Monday, January 11, 2021

Association of childhood lead exposure with MRI measurements of structural brain integrity in midlife

Reuben A, Elliott ML, Abraham WC, Broadbent J, Houts RM, Ireland D, Knodt AR, Poulton R, Ramrakha S, Hariri AR, Caspi A, Moffitt TE. Association of Childhood Lead Exposure With MRI Measurements of Structural Brain Integrity in Midlife. JAMA. 2020 Nov 17;324(19):1970-1979. doi: 10.1001/jama.2020.19998. PMID: 33201203; PMCID: PMC7672511.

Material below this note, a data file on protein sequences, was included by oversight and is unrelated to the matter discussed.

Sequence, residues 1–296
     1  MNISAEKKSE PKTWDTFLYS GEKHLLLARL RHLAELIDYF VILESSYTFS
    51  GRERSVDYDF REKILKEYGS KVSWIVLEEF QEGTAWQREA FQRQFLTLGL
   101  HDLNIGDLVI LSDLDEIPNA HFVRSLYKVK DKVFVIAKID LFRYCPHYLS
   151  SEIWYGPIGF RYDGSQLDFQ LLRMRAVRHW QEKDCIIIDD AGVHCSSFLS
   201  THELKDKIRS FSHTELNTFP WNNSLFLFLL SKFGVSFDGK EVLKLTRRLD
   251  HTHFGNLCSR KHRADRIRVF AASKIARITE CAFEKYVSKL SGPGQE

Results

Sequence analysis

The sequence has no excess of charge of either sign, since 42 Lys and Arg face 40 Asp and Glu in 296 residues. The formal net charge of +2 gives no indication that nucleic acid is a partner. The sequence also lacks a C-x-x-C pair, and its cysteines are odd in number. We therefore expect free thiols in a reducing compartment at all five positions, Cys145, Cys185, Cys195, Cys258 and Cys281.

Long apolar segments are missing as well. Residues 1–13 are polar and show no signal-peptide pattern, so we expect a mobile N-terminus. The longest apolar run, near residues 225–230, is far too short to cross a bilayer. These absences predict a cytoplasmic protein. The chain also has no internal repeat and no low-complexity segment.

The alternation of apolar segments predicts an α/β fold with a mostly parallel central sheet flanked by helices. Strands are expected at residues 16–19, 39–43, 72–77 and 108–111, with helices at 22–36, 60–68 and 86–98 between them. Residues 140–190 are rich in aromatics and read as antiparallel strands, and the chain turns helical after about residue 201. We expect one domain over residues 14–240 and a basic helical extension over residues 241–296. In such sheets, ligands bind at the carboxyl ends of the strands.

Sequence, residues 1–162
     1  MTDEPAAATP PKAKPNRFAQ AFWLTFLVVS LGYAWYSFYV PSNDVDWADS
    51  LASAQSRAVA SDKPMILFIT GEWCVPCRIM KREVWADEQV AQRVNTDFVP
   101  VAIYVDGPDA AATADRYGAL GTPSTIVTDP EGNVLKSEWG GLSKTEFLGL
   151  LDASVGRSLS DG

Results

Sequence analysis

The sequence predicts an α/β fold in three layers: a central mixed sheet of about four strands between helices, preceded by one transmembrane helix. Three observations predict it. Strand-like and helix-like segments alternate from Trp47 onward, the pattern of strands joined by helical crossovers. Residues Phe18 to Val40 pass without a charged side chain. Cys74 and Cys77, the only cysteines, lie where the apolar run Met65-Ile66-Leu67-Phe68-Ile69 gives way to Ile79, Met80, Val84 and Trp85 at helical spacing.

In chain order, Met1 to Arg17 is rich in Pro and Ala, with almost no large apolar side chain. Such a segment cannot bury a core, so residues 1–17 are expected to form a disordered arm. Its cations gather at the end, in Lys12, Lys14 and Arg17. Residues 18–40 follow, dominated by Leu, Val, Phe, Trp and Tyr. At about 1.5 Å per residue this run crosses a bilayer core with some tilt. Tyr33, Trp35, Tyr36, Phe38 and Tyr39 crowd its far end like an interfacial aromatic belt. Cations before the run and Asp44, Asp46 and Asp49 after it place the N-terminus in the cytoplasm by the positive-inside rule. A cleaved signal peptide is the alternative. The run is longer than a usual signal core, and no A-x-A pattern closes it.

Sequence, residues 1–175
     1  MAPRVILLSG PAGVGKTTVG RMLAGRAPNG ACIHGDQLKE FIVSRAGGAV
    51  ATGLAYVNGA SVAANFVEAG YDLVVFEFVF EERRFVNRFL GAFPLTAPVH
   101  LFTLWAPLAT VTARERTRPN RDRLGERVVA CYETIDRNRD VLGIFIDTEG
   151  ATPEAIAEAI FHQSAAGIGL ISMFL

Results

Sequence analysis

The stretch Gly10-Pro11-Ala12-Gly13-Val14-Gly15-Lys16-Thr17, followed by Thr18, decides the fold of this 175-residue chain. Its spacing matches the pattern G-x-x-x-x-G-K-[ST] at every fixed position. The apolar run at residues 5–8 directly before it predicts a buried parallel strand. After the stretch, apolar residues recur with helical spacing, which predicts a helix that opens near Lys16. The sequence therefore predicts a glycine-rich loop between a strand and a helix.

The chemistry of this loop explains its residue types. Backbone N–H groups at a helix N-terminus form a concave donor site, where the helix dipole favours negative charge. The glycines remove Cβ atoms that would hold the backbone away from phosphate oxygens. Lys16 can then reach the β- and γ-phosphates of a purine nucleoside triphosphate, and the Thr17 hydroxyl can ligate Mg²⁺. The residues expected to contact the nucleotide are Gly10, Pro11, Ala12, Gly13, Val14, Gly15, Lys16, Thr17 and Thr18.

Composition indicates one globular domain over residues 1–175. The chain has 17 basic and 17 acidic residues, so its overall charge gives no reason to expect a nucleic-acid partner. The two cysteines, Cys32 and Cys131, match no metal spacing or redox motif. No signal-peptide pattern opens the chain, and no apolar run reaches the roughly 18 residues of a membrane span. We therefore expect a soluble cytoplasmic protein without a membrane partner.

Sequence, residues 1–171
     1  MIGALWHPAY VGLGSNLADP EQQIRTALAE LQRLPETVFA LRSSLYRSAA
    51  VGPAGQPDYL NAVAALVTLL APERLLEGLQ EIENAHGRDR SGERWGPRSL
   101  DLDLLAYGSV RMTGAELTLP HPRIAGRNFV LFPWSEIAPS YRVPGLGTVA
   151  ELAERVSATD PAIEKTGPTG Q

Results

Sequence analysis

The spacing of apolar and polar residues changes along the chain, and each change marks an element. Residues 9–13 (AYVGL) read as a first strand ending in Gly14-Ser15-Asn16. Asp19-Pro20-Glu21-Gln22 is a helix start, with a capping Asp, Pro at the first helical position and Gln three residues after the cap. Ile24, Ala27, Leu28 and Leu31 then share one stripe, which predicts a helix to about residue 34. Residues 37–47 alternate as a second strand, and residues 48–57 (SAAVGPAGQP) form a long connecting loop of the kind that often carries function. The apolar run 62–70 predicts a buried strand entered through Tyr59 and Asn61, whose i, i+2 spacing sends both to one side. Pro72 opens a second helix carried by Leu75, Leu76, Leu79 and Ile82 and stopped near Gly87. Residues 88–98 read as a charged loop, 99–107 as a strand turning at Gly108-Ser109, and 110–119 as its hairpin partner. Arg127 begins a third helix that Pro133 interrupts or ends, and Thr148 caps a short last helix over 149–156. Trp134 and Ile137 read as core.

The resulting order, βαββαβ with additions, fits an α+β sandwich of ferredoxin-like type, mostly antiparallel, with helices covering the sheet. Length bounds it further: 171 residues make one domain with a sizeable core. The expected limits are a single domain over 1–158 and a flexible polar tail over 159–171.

In this longitudinal prospective cohort study with a median 34-year follow-up, experts explored whether childhood lead exposure is correlated with MRI measurements of lower structural integrity of the brain in midlife. Of 1,037 original candidates, 997 were alive at age 45 years, of whom 564 (57%) received lead testing at age 11 years (302 [54%] male) (median follow-up, 34 [interquartile range, 33.7-34.7] years). At age 11 years, mean blood lead level was 10.99 (SD, 4.63) μg/dL. No statistically significant link was found between childhood blood lead levels and self-reported cognitive problems. Differences in MRI measurements of brain structure that indicated lower structural brain integrity in midlife, including smaller cortical surface area, smaller hippocampal volume, lower global fractional anisotropy, and an older estimated brain age, were correlated with higher childhood blood lead levels. Some results can reflect type I error because of the large number of statistical comparisons. 

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